Far too often, novices write scenes where two people just talk to each other. Even worse, this scene is usually set in a dull setting like a bedroom or inside a car. Whenever you write a scene, focus on telling a story through the environment.
Environmental story telling is all about letting the audience infer facts about characters based on t he environment. Some ways scenes can do this is through:
- Behavior traces
- Identity claims
- Mood modifiers
Possessions reflect a character’s personality. Do they live in a luxurious apartment (that they may not be able to afford) or do they live in a dumpy little apartment because that’s all they can afford (or because they’re saving money up for a long-term goal?).
The type of objects a character owns can tell a lot about their personality. Someone who smokes may either care less about their health or do care about their health, but smoking represents an odd contradiction based on a hidden motivation.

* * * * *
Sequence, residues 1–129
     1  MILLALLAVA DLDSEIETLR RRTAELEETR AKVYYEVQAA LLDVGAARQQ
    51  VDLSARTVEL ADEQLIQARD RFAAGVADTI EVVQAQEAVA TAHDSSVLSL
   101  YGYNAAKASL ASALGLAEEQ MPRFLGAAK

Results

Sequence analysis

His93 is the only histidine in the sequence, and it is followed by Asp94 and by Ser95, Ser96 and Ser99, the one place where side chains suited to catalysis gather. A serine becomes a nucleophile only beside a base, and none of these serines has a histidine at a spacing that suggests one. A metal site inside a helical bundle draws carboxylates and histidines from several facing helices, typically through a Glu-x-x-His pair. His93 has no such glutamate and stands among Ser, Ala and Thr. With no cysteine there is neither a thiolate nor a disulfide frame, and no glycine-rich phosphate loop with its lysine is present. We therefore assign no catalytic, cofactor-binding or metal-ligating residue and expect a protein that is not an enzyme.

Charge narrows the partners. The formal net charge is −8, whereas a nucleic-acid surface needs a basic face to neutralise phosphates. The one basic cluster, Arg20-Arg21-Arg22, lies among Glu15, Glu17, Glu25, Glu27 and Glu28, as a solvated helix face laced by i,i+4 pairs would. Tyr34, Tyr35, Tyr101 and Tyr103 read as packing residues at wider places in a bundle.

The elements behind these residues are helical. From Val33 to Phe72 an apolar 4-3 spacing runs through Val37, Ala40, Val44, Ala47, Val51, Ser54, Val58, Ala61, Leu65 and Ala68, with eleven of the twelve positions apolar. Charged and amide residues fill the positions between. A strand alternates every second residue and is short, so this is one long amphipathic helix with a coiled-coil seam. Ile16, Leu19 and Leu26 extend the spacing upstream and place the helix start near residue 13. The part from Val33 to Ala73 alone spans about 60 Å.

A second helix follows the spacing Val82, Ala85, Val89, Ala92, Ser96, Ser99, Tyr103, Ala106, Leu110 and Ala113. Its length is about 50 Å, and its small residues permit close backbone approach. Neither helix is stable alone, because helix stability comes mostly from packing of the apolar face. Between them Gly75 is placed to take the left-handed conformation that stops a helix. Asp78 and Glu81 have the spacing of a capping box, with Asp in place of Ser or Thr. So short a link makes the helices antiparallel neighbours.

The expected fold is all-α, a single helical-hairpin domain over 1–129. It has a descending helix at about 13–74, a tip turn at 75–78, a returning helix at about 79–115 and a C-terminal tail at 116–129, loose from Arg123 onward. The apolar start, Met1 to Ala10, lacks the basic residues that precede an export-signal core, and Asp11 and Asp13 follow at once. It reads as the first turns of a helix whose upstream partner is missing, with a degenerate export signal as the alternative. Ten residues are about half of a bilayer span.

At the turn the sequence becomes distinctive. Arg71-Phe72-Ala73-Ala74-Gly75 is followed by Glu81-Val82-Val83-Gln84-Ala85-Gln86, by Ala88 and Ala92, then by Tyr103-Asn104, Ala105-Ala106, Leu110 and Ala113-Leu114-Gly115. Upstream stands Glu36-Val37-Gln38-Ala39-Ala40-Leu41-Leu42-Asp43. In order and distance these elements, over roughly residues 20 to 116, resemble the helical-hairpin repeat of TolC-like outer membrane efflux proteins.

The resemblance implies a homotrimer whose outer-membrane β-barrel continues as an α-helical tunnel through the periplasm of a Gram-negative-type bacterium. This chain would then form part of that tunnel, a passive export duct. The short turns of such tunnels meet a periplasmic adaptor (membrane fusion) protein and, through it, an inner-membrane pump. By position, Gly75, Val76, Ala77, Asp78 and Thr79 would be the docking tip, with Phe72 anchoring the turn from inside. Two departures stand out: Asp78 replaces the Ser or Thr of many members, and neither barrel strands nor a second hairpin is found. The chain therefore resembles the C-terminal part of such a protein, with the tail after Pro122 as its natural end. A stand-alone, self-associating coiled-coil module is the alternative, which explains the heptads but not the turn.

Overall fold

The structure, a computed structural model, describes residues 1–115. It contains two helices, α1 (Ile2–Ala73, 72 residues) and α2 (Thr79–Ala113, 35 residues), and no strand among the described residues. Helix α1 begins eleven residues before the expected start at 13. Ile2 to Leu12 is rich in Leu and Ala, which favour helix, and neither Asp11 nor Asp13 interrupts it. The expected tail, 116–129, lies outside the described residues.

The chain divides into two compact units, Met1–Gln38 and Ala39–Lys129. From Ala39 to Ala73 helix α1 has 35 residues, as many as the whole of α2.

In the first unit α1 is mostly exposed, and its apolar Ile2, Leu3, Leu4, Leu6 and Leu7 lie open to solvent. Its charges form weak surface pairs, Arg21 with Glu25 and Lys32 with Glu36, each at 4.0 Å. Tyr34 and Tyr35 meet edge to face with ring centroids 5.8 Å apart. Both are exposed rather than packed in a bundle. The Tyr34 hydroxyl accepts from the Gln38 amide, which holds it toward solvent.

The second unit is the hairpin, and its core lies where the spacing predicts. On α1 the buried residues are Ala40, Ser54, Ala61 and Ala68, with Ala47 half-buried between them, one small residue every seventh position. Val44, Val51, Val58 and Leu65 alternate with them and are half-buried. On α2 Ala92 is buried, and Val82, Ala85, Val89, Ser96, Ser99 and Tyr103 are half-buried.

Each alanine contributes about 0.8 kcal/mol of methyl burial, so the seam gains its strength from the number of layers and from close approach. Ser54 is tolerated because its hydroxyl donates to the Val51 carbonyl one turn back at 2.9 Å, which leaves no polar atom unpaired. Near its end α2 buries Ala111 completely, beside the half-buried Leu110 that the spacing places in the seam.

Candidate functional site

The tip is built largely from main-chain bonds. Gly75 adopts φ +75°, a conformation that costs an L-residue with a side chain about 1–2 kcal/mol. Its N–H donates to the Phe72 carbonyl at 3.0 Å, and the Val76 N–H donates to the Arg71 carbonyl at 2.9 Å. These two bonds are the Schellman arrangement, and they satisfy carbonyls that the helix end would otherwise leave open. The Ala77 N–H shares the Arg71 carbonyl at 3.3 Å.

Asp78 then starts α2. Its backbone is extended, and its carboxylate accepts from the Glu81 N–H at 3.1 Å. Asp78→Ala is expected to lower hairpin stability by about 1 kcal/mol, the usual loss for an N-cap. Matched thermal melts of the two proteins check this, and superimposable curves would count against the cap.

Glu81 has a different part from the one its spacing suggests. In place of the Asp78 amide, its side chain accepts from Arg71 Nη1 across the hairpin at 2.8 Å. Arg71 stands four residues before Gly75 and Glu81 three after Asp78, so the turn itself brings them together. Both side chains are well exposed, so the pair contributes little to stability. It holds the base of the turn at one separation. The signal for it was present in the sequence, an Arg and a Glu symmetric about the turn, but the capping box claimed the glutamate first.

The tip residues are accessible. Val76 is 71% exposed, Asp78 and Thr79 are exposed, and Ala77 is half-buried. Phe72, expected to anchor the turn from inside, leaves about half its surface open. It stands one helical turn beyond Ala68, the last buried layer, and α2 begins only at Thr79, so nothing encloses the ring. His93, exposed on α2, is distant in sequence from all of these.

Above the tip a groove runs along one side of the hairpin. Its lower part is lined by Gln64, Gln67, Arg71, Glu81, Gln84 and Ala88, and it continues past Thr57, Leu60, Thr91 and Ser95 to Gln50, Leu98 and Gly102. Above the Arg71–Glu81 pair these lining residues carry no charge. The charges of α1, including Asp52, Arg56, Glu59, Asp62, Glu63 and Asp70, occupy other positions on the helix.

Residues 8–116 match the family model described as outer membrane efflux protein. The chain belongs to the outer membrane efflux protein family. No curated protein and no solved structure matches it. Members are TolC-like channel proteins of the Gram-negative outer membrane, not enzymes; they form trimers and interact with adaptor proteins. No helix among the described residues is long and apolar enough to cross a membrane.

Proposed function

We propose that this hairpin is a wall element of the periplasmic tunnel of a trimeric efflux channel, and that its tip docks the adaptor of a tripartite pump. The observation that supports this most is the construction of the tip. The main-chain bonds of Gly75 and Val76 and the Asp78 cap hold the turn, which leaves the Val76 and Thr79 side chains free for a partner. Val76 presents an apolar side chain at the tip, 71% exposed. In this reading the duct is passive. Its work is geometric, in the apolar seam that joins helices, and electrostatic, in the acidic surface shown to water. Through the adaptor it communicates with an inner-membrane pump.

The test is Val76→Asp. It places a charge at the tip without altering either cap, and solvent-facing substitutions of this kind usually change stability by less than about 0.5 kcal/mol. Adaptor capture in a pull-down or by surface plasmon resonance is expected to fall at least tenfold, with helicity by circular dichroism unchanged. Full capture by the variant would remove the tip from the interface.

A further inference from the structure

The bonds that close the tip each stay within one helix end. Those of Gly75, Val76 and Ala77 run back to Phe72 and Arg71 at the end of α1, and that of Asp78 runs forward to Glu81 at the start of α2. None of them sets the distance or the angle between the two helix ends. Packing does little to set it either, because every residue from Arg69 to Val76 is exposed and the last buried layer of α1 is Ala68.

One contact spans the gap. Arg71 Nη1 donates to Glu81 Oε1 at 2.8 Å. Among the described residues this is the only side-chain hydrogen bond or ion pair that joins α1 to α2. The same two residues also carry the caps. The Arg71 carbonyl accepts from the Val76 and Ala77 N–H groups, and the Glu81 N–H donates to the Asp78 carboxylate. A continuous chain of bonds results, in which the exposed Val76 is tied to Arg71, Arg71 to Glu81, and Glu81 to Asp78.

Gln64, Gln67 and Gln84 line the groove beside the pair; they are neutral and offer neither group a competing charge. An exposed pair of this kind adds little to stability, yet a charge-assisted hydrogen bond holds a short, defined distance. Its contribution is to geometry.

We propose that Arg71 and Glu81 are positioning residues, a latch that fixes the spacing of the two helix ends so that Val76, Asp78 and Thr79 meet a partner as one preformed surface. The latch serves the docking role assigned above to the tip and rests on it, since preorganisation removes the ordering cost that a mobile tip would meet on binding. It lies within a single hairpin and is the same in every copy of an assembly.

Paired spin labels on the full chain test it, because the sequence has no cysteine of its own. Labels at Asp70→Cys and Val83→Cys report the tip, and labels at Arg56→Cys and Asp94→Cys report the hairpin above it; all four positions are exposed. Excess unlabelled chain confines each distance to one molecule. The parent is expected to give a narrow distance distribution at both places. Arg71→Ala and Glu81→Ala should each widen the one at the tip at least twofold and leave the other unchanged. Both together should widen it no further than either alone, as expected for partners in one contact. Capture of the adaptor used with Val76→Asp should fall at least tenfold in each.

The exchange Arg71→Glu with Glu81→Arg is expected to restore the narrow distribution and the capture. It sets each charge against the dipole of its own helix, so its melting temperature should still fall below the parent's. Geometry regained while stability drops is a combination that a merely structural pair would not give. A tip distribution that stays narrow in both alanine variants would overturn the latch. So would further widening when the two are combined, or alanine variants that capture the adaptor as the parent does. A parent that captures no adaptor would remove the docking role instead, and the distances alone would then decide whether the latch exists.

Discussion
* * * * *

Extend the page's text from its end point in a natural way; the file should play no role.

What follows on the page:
Behavior traces are about how characters uses their possessions. Someone who smokes may use a cigarette holder or only smoke the finest cigars. Someone else who smokes may buy cheap cigarettes because that’s all they can afford (or think that’s what they deserve).
Look at someone’s car. What it looks like (clean or dirty) can tell you a lot about that person. Is the interior clean or heavily used but organized?
Identity claims represent items that people use to tell themselves or others who they are. This can include flashy jewelry (real or fake), clothes, hair style, and even the type of drinks they enjoy (martini, shaken, not stirred).
Mood modifiers represent items characters use to change their mood such as the type of music they like, the paintings they hang on the walls, or the colors of their car.
The next time you describe a scene, don’t just describe a generic setting and ordinary characters. Let us know how those characters are dressed, how they behave in a setting, and how they present themselves to others through their appearance or where they feel comfortable (or uncomfortable) in a particular setting.
Some people are perfectly at home inside a dive bar while others will be distinctly uncomfortable in that same dive bar. Both will reveal a lot about that character.
So when writing scenes, keep these ideas in mind to give your character more personality through the interaction with the setting. By making the setting an integral part of telling a story, you can write a more effective screenplay.